Robert Jervis

10 December 2021, 0834 EST

As many of our readers have likely already heard, Robert Jervis died yesterday. The field has lost a gentle intellectual giant. Unlike many of my friends from Columbia, Bob wasn’t on my dissertation committee; I only took one course from him. But I’ll remember him as both brilliant and very generous.

Indeed, back in November I received an email from a student in my “International Order” class. He was very excited because the Robert Jervis had agreed to a 45-minute interview over Zoom. The student had no idea, of course, that Bob was sick – and yet still took the time to speak to a college sophomore at Georgetown who had cold emailed him.

Here is the obituary that’s been circulated by the Columbia Political Science Department:

Robert Jervis, born April 30, 1940, in New York City to Herman Jervis, a lawyer, and Dorothy Jervis, a potter, died of lung cancer on December 9, 2021. He was at home, in the presence of Kathe, his wife of 54 years, and his daughters, Alexa and Lisa. He was a husband, father, and grandfather extraordinaire, a giant in his field of International Relations, a mentor to legions of younger scholars, an enthusiastic provider of feedback to university administrators, a museum goer and opera lover, a skilled napper, and a pioneer of the capsule wardrobe.

Bob had his early education at the Ethical Culture Fieldston school, where teachers consistently noted his fine mind and terrible handwriting. In 1958, he departed for the wilds of Oberlin, Ohio, where he fell in with the wrong crowd – a group of future political science professors (and one geneticist). In 1962, he entered the PhD program for Political Science at University of California at Berkeley, where he distinguished himself by sleeping on a closet shelf and “almost getting arrested” for his activities in the Free Speech Movement.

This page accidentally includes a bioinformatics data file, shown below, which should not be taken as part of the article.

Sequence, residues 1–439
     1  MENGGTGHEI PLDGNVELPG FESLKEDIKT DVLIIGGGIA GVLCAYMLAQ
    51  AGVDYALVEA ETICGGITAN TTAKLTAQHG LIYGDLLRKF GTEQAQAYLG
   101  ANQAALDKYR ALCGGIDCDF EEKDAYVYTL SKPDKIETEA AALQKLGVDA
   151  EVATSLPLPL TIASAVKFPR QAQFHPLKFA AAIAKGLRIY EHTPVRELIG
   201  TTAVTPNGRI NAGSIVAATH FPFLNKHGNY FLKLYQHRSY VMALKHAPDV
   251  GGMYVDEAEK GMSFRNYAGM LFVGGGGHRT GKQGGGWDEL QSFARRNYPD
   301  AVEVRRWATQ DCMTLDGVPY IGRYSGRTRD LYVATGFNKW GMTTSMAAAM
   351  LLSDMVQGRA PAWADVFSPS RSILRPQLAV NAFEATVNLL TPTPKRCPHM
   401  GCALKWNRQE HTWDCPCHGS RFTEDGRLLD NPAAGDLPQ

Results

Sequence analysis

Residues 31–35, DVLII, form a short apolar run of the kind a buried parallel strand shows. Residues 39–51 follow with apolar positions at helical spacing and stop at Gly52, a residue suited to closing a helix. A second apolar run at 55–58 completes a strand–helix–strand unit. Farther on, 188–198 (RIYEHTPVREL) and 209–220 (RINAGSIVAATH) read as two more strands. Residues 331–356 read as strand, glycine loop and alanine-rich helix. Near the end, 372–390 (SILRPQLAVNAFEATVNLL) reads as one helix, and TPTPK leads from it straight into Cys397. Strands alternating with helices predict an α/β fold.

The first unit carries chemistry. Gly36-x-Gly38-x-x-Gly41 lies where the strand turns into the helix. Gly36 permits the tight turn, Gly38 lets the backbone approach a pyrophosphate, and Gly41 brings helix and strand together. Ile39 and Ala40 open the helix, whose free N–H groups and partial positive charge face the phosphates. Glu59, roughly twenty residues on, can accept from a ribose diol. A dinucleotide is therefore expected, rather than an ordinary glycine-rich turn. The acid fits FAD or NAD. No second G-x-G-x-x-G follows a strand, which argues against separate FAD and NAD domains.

By then he had set his life on its most fateful turn when he went on a 1961 student trip to the Soviet Union, where he met Kathe Weil of Denver – they struck up a conversation while refusing to dance at an orientation event, then struck a bargain in which he carried her suitcase, and she carried his typewriter. They married in 1967, and began to raise their family in Cambridge, Mass.

They moved to Los Angeles in 1974 to follow Bob’s beloved Dodgers, and incidentally for him to join the faculty of the University of California at Los Angeles. There he wrote seminal books and articles, and won a Halloween costume party by wearing a Brooks Brothers suit. In 1980, he and his family moved back to New York and he taught at Columbia University for the rest of his life.

Bob’s productivity was legendary, as was his support of younger scholars and colleagues. His professional accomplishments and his scholarly influence are too vast to summarize. Among the highlights: the Grawemeyer Award for Ideas Improving World Order, election to the American Philosophical Society, and election to the National Academy of Sciences. His doctoral dissertation is still in print.

He is survived by his wife, daughters Alexa (Greg Racz) and Lisa (Jay Schwartz), grandsons Daniel and Joshua Racz, step-grandson Ezra Schwartz, brother Steven (Susan Weltman), sister-in-law Zarine Weil, nephews Aaron Weil (Linda Perry), Darius Weil, and niece Delna Weil.

Here’s a link to Bob’s rather incomplete branch of the PoliSci Academic Family Tree. Perhaps some enterprising international-relations scholars could take time to build it out.